By Tony Freeman, Executive Director of Industry Relations, DTCC
Most people believe that the use of fax machines died out years ago, along with VHS videos, CDs and manual tape recorders. In the consumer world this is largely true. The majority of us now send important documents by scanning them in and sending them via email. Unfortunately the same cannot be said of post-trade processes and in particular, trade confirmation. Despite the technology being available to automate the trade confirmation and allocation process, manual processes are still heavily prevalent and without a regulatory mandate, the industry is unlikely to change.
To illustrate the risk which these manual practices create in the financial markets, let me use a consumer industry analogy. Confirming the economic details of a trade is most analogous to booking an airline ticket: as a consumer, once you have confirmed all the details of your flight, you receive an automated email which confirms details of your travel. Imagine if, instead of receiving the email, you were faxed over the details of your travel - this would require a manual process from the airline of faxing over the confirmation and a manual process at the consumer end in terms of receiving the confirmation - both of which would make the process prone to error.
Trade confirmation by fax is still used by many small buy-side firms, when confirming and allocating trades, despite the availability of technology which enables the central matching of the economic details of the trade. The importance of timely confirmation of trades was highlighted during the collapse of Lehman Brothers when market participants scrambled to understand what their counterparty exposure was to the troubled investment bank. It surprises me that this event alone did not spur all market participants to address operational inefficiencies and implement automated trade processing.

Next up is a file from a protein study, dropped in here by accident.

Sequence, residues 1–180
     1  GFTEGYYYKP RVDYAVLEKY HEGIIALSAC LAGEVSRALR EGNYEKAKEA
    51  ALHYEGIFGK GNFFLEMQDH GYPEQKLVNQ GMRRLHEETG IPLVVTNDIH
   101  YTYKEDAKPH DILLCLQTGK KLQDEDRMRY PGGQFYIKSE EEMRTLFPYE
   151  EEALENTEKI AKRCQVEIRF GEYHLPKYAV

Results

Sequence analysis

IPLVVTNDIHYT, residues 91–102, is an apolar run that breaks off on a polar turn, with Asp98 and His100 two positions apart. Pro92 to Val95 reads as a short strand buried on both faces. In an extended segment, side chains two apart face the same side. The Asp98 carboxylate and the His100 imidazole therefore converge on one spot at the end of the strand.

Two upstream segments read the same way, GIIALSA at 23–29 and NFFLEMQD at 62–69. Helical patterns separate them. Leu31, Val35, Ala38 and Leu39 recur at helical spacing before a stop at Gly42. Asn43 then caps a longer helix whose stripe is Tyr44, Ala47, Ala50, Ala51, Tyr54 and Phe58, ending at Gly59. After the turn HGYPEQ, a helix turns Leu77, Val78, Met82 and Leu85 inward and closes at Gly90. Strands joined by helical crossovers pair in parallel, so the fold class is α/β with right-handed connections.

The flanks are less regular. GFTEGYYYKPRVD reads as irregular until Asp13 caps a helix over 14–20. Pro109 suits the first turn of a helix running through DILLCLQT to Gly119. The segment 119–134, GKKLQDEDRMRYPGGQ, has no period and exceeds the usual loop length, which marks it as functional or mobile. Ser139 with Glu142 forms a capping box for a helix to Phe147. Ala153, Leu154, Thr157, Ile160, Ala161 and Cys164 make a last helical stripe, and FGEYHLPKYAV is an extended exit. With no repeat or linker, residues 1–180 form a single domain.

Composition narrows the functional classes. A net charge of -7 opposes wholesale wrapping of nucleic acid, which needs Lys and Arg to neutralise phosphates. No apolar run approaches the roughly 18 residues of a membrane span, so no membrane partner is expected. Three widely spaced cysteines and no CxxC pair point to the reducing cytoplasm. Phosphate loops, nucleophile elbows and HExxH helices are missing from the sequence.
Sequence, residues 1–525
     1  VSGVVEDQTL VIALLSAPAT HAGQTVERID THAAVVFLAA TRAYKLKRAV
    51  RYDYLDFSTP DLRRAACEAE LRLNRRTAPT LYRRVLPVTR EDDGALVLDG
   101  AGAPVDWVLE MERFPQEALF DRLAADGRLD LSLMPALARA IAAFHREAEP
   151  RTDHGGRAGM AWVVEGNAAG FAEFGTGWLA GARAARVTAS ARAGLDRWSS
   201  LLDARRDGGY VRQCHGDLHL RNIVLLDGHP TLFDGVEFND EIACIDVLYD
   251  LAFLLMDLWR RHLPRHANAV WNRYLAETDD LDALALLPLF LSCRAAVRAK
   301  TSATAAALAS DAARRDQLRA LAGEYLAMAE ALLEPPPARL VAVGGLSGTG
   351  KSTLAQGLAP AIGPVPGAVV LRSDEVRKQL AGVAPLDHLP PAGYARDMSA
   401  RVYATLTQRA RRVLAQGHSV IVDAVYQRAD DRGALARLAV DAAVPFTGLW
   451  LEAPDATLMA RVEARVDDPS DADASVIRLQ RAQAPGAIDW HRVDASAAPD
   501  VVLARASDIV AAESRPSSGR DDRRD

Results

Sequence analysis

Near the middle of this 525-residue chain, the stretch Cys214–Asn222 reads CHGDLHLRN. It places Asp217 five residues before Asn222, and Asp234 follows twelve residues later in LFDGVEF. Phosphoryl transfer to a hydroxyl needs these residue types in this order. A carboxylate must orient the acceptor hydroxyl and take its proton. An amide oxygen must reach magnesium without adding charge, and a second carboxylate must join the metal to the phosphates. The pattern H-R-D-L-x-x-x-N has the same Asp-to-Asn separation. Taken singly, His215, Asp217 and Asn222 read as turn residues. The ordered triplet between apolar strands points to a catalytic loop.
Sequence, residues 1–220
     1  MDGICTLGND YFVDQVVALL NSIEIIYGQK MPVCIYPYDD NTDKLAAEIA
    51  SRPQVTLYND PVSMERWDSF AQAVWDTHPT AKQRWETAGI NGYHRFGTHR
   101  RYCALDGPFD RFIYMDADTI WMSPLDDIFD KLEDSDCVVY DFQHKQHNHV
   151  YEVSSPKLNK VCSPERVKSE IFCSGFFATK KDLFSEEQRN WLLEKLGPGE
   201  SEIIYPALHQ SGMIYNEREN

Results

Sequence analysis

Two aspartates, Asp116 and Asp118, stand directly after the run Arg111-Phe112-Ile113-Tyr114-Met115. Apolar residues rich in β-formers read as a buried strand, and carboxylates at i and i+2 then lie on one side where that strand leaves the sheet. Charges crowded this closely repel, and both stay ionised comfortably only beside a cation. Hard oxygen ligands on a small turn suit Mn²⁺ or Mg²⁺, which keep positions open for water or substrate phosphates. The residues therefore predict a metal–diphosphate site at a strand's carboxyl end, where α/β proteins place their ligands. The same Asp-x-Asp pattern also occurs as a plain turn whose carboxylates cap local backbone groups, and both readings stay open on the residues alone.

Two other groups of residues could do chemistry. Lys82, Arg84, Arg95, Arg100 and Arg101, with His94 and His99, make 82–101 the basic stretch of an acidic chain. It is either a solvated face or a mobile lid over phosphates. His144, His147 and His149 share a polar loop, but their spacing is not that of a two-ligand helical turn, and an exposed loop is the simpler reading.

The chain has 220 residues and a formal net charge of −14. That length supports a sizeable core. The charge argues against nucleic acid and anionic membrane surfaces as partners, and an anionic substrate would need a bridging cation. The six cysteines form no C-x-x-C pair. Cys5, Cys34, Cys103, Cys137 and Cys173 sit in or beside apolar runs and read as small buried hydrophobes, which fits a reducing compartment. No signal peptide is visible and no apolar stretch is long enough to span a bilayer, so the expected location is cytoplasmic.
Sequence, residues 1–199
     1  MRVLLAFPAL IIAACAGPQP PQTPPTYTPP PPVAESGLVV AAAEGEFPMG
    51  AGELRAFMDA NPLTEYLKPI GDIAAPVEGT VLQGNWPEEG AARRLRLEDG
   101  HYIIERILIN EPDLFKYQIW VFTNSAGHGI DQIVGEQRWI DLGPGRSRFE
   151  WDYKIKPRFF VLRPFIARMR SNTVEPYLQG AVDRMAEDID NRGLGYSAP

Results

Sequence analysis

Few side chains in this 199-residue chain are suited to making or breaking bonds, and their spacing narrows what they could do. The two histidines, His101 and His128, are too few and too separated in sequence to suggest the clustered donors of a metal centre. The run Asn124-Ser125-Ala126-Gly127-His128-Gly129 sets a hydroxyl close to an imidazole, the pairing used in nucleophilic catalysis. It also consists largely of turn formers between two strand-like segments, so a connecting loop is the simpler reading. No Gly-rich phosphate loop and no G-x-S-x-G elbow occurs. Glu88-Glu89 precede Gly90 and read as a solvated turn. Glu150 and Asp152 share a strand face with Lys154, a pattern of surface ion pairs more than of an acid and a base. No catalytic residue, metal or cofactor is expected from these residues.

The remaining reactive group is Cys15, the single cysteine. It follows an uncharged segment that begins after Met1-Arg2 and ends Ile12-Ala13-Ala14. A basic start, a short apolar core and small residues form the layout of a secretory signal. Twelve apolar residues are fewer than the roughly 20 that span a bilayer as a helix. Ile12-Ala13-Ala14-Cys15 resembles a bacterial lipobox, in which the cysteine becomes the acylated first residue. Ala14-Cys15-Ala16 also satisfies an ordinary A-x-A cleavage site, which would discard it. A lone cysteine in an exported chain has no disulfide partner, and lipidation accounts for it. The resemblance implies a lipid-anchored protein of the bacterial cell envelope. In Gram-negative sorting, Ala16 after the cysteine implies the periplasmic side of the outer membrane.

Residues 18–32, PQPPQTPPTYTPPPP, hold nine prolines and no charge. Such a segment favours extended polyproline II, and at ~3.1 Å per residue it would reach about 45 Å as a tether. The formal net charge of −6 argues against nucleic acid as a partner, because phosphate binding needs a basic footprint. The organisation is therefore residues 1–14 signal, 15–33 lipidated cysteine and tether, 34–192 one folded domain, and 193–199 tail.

The fact of the matter is that without a regulatory or economic imperative, the behaviour of market participants will not change because there is no business case to do so. What is even more concerning is that at present, regulators are not monitoring this issue and therefore have little or no sense of the scale of the problem. This, in large part, is due to the fact that since the global financial crisis, policy makers and regulators have been extremely focused on financial risk rather than operational risk, even though as in this case, operational risk can evolve into financial risk.
That said, in Europe at least, policy makers have recognised the role that efficient operational processes play in reducing counterparty risk, by mandating T+2 settlement in the form of the Central Securities Depository Regulation (CSDR). However while this requirement creates a need for automated trade processing for T+2 to be achievable; it does not mandate it and therefore it will not change the behaviour of all market participants. The same applies in the US where the industry is pursuing migration to a T+2 settlement cycle by September 2017.
One of the best examples of a regulatory mandate being needed to change market practices is the implementation of legal entity identifiers (LEIs). While LEIs have been heralded as one of the key pillars of systemic risk management, in Europe, only a small number of firms had applied for an LEI before they became mandatory in derivatives trade reporting under the European Markets Infrastructure Regulation (EMIR) in February 2014, at which point numbers increased exponentially.
This is clear proof that the most effective way of changing the behaviour of market participants is a regulatory imperative and even then it takes time. Without such a regulatory mandate in the area of trade processing, I fear that the use of manual processes amongst smaller buy-side firms will continue. This means that unfortunately, for now, the fax machine will live on!
"This article first appeared in Global Custodian on May 31, 2016"